tUnE-yArDs @ The Haunt, Brighton 21.06.11
She is an accomplished, electric, performer. She stands out front like a tribal queen, an arc of drums and pedals arrayed before her, and builds her songs afresh each time. She writes and constructs her music in front of us, starting with a rhythm clicked out on the rim of her drum which is looped and repeated and manipulated and added to, vocalisations used as percussive rather than melodic elements, parps of brass and skipping lines of guitar looped and woven into the mesh in their turn, until there is an utterly thrilling web of noise pulsating on the stage. It’s a pretty remarkable thing to witness. It gets the place bouncing; at one point Merrill and her band and the whole crowd hop up and down in sheer synchronised delight like Masai warriors. She makes the crowd sing out a simple repeated phrase; she builds us into it all as if we were another instrument. She works the communal thrum until every being in the place is buzzed-up with shared joy. No time for irritation, no space for getting tired of the yodelly schtick: it’s all about the heartbeat.
Cleverness is definitely a turn-on. Lack of botheredness about seeming cool is too. Being a savvy female musician, who clearly knows exactly what she is doing, who is deeply, geekily, competent and in control of the sound she is making, a conductor of and for magic: that totally rocks. Merrill Garbus shares this, and a kind of particular weird ordinariness, with Kristin Hersh (and, incidentally, with the pedal-head women in Braids, who look like wide-eyed junior English teachers and play like goddesses); unglitzy to the bone but deeply extraordinary – because this isn’t how pop stars are meant to be. They shouldn’t look or act or sing like this. They shouldn’t be this untrammelled, this peculiar! Where’s the rock? Where’s the roll? – and thus are quite the most intense performers imaginable.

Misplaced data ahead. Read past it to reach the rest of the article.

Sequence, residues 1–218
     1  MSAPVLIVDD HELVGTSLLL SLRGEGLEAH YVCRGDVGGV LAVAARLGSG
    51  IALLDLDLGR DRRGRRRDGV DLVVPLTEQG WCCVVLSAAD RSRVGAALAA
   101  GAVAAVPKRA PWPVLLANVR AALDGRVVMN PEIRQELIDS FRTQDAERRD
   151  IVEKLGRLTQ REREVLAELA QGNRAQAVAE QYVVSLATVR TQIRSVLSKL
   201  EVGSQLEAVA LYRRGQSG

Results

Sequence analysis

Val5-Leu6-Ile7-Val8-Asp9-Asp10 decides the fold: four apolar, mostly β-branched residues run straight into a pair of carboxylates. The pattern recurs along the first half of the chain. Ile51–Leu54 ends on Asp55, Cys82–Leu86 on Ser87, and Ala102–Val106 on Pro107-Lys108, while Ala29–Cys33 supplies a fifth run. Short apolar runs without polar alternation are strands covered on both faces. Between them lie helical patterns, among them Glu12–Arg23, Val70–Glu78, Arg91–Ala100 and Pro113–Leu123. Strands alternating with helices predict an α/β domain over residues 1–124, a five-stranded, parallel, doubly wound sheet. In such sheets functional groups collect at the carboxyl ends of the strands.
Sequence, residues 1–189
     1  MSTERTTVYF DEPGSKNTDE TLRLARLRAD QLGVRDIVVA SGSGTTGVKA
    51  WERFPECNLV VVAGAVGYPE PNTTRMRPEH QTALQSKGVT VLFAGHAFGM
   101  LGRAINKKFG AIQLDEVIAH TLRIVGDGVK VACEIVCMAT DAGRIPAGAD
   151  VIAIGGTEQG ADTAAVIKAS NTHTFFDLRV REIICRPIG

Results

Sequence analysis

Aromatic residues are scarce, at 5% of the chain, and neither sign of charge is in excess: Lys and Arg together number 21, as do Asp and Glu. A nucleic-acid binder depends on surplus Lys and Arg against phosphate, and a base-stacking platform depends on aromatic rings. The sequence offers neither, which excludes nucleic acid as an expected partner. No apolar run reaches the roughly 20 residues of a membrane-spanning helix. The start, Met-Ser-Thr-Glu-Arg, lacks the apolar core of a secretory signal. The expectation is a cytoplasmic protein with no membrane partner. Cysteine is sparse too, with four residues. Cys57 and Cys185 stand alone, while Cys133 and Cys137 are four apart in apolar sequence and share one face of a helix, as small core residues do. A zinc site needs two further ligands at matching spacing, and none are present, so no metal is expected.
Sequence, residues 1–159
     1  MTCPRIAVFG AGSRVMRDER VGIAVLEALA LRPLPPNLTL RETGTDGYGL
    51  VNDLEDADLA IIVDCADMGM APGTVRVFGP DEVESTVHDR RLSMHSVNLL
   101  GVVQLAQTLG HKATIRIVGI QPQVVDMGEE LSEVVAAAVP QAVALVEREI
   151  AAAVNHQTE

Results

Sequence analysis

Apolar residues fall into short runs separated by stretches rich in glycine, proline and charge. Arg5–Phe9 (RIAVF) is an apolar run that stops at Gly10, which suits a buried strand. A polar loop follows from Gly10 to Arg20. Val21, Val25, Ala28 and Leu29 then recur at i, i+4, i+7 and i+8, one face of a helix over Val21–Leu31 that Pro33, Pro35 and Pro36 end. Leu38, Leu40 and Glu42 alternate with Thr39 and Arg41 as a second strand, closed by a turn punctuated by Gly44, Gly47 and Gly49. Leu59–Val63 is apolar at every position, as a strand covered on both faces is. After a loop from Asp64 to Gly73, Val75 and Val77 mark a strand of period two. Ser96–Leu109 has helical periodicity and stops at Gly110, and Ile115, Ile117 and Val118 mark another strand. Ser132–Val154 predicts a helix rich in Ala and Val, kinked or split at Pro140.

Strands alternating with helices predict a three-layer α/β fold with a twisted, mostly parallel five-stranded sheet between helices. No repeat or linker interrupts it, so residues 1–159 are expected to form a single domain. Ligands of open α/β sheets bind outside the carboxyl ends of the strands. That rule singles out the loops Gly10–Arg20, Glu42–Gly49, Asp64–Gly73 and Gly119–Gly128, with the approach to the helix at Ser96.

So tUnE-yArDs do the bizness. I win. Maybe one day they will come close to the impossible goal of pinning down a moment in recorded form but for now THESE are the ur-version of the songs. THESE are their platonic ideal. No need for foreknowledge when the music comes to life in your gut, no need for ghosts when things are this alive. This is moment-by-moment ineffable specificity: there’ll never be this again. This is unique. This is now. This is here. This is mine.
And next time I listen to w h o k i l l, I’ll also be hearing the whoops of that night, the memory of her socks and her audience and her grin boosting the digital signal and turning up the colours to full saturation.